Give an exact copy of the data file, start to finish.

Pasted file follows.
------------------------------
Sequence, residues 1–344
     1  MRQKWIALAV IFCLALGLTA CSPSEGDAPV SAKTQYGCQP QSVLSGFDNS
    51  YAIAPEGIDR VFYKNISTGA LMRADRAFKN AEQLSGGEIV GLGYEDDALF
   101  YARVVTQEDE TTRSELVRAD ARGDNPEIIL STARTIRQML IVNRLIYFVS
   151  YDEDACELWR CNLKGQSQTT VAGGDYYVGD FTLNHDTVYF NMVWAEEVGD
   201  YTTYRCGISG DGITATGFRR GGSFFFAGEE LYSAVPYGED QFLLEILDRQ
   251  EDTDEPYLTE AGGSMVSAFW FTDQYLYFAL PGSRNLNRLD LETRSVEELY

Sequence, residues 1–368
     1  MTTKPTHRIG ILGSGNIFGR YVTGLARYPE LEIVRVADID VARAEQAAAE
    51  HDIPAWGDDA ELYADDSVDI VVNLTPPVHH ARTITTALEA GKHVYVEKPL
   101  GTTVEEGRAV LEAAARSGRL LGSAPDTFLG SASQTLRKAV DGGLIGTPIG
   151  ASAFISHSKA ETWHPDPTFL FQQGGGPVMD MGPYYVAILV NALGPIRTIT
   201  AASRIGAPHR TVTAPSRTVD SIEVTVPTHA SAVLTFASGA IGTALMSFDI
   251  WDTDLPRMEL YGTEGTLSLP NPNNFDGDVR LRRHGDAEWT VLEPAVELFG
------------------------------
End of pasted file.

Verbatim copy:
Sequence, residues 1–344
     1  MRQKWIALAV IFCLALGLTA CSPSEGDAPV SAKTQYGCQP QSVLSGFDNS
    51  YAIAPEGIDR VFYKNISTGA LMRADRAFKN AEQLSGGEIV GLGYEDDALF
   101  YARVVTQEDE TTRSELVRAD ARGDNPEIIL STARTIRQML IVNRLIYFVS
   151  YDEDACELWR CNLKGQSQTT VAGGDYYVGD FTLNHDTVYF NMVWAEEVGD
   201  YTTYRCGISG DGITATGFRR GGSFFFAGEE LYSAVPYGED QFLLEILDRQ
   251  EDTDEPYLTE AGGSMVSAFW FTDQYLYFAL PGSRNLNRLD LETRSVEELY

Sequence, residues 1–368
     1  MTTKPTHRIG ILGSGNIFGR YVTGLARYPE LEIVRVADID VARAEQAAAE
    51  HDIPAWGDDA ELYADDSVDI VVNLTPPVHH ARTITTALEA GKHVYVEKPL
   101  GTTVEEGRAV LEAAARSGRL LGSAPDTFLG SASQTLRKAV DGGLIGTPIG
   151  ASAFISHSKA ETWHPDPTFL FQQGGGPVMD MGPYYVAILV NALGPIRTIT
   201  AASRIGAPHR TVTAPSRTVD SIEVTVPTHA SAVLTFASGA IGTALMSFDI
   251  WDTDLPRMEL YGTEGTLSLP NPNNFDGDVR LRRHGDAEWT VLEPAVELFG